The case for and against AI in TV

The case for and against AI in TV

By Simon Bucks,
Friday, 9th June 2023
AI used in the fight against malaria: Synthesia tools permitted David Beckham to apparently speak nine languages while Charlatan aged him by decades for the advert Malaria Must Die So Millions Can Live. Credit: Digital Domain.
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From fake news to copyright infringement, AI is raising alarm across TV, but there are real benefits, too, says Simon Bucks

Should the television industry be worried about artificial intelligence (AI) or excited? Or both?

Each day seems to bring fresh warnings that AI will wreck businesses, cast thousands out of work and even destroy the human race. So, is TV safe? Judge for yourself from this little experiment.

“Can you suggest a format for a new television gameshow?” I asked the AI chatbot ChatGPT.

“Here’s an idea. Title: Brain Busters,” it offered, instantly. “Format: two teams of three contestants each compete against each other in a series of rounds that test their knowledge, memory and problem-­solving abilities.”

“Rubbish!” cried Peter Bazalgette, the former ITV Chair, who knows a thing or two about formats, having brought Big Brother to the UK.

OK, not gameshows. How about drama? “Sure, here’s an idea for a 13-part series. The Legacy follows the lives of three siblings who are forced to confront their family’s dark secrets and long-buried traumas after their wealthy, influential father dies suddenly.”

There is derivative and then there is downright plagiarism. “It underlines my basic belief that artificial intelligence is more artificial than it is intelligent,” is Bazalgette’s pithy verdict.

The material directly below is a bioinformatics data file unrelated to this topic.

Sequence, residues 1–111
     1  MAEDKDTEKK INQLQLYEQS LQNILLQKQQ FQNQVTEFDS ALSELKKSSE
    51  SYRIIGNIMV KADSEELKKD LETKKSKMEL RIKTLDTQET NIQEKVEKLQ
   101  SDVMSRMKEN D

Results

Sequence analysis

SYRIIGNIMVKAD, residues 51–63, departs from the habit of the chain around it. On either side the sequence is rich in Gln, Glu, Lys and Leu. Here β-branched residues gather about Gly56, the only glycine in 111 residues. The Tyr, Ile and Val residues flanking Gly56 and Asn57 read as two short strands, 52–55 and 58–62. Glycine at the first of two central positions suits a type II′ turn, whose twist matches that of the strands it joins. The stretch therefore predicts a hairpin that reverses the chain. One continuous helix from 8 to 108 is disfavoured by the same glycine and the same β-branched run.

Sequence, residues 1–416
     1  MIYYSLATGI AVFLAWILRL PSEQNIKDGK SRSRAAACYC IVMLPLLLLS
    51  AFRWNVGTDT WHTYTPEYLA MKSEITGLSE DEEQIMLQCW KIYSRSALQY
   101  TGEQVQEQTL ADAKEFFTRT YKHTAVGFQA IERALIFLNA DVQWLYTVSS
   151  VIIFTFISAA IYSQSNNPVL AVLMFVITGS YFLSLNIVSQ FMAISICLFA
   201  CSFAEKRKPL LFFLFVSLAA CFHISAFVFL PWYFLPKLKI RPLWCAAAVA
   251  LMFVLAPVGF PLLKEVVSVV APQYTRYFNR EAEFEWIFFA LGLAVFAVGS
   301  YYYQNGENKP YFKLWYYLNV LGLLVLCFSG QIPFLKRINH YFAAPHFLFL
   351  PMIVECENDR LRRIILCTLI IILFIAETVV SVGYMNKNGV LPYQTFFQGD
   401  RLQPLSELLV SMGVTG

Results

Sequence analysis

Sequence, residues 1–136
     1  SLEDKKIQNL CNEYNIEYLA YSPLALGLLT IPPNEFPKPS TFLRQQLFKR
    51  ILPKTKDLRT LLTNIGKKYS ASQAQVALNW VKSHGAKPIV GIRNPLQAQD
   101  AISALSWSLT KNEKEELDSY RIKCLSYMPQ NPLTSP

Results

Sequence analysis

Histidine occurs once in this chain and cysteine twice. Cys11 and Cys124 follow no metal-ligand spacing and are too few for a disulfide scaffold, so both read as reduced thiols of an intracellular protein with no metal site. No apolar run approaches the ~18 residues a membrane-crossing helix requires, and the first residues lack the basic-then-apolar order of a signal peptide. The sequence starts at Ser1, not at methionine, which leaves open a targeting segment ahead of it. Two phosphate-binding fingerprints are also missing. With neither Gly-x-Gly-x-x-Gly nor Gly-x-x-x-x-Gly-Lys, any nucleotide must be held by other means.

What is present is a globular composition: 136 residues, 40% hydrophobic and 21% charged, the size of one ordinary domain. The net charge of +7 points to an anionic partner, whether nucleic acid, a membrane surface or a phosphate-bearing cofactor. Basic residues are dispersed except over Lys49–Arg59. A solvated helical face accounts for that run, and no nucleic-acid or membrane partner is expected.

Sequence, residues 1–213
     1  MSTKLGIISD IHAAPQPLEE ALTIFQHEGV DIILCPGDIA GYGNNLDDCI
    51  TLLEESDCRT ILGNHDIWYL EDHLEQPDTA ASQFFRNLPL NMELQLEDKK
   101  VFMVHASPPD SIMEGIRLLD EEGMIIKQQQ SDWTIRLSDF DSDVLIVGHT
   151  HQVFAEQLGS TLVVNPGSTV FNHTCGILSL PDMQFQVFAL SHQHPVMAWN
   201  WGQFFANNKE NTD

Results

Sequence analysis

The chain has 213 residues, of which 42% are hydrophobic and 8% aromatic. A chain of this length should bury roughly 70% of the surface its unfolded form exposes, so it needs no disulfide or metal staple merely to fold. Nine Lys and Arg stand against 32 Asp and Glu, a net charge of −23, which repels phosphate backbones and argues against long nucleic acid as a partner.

So far, so entertaining. It’s easy to mock ChatGPT’s lamentable pitches, and, on this evidence, the striking Hollywood screenwriters are worrying unduly that bots may take their jobs. Nevertheless, AI undoubtedly brings real opportunities, as well as threats, to the TV and film industries.

ITVX comedy series Deep Fake Neighbour Wars used AI technology to turn impressionists into celebrities, such as a fake Idris Elba, embroiled in petty disputes with their A-list neighbours. Credit: ITVX.

ITVX’s recent show Deep Fake Neighbour Wars is a parody that uses AI technology to create realistic avatars of celebrities, including Idris Elba, Olivia Colman and even, weirdly, Greta Thunberg. “This is all fake. The stories are all made up,” advises the opening caption.

It is fun, but it is nowhere near the limit of ITV’s enthusiasm for AI. ITV Studios has recently set up a “global innovation hub”, embracing all its scripted and unscripted labels, with AI as a key focus. “It’s a big hot topic for us right now,” says Helen Killeen, Director of Non-Scripted Production in the UK, who leads the group with Ben Russell, Director of Production at ITV Studios International.

“One of our priorities is freeing up the time of our creatives so that they are not doing things that can be automated, but instead using their brains to develop ideas or produce the best content.”

ITV Studios has already used AI virtual locations for Emmerdale and Coronation Street, while the innovation hub is encouraging producers to look for further opportunities. The next step will be to use virtual sets for unscripted, including gameshows. “It’s a tougher challenge because of the problems of cutting between multiple cameras,” says Killeen, “We think we might have found a solution, so we won’t talk about it in case it doesn’t work.”

Russell stresses that one of the drivers for using AI is sustainability, providing solutions that reduce ITV Studios’ carbon footprint. For example, using AI tools means you don’t have to send loggers on location for weeks at a time.